On Jan 17, 2020, at 11:25 PM, Rob Pike
I am convinced that large-scale modern compute centers would be run very differently,
with fewer or at least lesser problems, if they were treated as a single system rather
than as a bunch of single-user computers ssh'ed together.
But history had other ideas.
So I’ve clearly got a dog in this fight
et al. (also mostly at
athornton.github.io)) but I feel like Kubernetes is an interesting compromise in that
Admittedly, I come to this not only from a Unix/Linux background but an IBM VM background,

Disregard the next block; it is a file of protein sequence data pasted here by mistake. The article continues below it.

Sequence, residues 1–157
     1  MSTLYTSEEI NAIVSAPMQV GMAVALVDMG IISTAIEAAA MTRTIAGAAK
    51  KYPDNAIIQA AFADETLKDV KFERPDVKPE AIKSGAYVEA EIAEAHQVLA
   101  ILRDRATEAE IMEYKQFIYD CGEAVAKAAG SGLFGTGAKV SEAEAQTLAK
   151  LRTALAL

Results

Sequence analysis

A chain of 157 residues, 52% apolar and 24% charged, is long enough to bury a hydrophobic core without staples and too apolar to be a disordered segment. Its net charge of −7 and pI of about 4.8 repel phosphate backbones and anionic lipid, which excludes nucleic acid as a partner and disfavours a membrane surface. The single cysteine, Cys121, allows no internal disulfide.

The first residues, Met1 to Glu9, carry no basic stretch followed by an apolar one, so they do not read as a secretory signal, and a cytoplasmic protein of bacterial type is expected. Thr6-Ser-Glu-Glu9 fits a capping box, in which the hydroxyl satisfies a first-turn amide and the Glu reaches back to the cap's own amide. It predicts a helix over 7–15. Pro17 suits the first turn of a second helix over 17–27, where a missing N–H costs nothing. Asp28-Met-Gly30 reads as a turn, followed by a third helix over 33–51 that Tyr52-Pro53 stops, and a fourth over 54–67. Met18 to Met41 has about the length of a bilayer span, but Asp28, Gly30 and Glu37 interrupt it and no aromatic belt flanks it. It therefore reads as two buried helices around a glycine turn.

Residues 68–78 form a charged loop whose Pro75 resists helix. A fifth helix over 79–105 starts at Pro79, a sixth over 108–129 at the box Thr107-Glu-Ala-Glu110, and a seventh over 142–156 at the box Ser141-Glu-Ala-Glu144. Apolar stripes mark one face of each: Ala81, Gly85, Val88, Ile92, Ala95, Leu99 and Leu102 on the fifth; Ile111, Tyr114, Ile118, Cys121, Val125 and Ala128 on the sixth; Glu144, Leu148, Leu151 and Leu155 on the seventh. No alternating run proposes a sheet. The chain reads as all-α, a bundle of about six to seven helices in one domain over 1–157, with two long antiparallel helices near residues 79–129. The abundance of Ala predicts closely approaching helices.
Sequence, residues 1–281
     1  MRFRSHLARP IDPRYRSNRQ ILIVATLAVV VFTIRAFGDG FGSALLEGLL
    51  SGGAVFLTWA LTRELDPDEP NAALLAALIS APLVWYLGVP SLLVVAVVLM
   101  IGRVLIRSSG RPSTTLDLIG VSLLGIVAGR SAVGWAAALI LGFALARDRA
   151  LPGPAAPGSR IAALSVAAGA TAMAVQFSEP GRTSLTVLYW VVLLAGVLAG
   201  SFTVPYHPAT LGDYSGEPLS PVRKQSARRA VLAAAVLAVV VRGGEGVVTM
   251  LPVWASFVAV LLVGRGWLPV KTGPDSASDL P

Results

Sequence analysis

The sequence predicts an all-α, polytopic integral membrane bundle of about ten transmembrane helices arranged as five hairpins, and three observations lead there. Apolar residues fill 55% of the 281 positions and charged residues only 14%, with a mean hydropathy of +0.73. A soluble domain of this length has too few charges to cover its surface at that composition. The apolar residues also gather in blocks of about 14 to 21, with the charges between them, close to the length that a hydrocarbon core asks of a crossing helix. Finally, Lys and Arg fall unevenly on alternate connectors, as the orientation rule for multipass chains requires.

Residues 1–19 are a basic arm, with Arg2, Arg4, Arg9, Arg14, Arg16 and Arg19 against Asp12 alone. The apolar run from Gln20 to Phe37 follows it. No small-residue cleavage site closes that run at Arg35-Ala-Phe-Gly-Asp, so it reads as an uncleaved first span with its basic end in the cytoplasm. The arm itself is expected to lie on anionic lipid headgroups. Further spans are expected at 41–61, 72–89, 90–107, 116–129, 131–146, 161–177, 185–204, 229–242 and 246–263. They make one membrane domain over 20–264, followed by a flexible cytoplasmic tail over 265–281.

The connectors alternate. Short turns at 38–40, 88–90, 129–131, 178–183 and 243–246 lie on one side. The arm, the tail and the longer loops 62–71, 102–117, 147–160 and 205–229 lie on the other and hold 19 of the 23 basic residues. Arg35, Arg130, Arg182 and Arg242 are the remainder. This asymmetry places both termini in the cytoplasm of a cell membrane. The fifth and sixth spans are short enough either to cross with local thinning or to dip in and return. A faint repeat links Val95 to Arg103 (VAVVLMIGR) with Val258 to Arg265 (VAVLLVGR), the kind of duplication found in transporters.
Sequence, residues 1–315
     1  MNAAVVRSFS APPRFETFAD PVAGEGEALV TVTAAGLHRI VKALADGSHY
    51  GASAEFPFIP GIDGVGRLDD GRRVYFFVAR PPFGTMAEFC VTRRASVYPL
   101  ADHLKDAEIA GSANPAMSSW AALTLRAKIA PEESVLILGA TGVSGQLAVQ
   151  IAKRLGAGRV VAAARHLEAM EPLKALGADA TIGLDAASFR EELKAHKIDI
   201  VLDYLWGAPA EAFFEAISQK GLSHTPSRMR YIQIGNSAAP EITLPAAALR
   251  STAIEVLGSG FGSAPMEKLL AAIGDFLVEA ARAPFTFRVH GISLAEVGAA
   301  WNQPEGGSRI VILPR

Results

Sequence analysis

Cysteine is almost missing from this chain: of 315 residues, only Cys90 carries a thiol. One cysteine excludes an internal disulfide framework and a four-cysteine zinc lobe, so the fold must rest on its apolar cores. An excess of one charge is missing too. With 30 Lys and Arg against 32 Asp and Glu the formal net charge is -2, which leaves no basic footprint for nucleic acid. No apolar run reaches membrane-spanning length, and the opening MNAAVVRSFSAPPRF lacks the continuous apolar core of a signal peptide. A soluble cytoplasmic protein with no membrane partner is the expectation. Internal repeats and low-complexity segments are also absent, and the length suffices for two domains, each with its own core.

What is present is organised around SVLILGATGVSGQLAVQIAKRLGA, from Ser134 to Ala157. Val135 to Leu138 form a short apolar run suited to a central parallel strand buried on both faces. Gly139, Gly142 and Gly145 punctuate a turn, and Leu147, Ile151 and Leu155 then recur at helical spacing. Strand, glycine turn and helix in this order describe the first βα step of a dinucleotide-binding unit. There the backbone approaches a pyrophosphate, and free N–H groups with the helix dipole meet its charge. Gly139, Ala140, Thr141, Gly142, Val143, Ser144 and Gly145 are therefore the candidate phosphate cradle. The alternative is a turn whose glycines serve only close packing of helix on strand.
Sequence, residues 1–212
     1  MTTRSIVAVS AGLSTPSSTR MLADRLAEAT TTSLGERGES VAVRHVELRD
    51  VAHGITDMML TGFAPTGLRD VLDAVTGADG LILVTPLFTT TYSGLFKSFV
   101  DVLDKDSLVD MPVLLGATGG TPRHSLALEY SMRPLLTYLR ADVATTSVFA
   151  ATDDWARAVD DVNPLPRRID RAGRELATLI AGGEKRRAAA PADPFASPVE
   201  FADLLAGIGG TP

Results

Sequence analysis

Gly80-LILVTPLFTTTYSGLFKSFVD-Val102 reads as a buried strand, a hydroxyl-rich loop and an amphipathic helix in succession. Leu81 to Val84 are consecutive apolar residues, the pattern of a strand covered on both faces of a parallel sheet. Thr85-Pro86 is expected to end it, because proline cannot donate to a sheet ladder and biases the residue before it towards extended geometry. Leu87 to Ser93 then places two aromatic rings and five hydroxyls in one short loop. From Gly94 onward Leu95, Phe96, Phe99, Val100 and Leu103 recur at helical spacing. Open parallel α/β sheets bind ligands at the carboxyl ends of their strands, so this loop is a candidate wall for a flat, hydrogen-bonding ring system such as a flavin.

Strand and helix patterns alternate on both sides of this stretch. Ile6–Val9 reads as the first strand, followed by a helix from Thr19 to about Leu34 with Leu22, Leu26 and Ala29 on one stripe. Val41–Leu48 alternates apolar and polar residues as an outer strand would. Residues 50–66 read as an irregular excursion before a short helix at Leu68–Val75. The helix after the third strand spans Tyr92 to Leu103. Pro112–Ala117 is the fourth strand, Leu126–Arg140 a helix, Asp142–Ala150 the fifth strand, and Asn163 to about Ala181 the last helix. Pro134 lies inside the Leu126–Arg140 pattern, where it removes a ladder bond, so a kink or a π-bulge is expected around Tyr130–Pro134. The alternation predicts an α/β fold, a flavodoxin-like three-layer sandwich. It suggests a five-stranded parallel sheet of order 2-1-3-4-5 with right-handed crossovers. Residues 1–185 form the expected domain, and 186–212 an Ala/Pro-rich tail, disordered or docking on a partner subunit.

1) containerization is a necessary but not sufficient first step
2) black magic to handle the internal networking and endpoint exposure through fairly
simple configuration on the user’s part is essential
3) abstractions to describe resources (the current enumerated-objects quota stuff is
clunky but sufficient; the CPU/Memory quota stuff is fine), and
4) an automated lifecycle manager
taken together give you a really nifty platform for defining complex applications via
composition, which (IMHO) is one of the fundamental wins of Unix, although in this case,
it’s really _not_ very analogous to plugging pipeline stages together.
Note that _running_ Kubernetes is still a pain, so unless running data centers is your
job, just rent capacity from someone else’s managed Kubernetes service.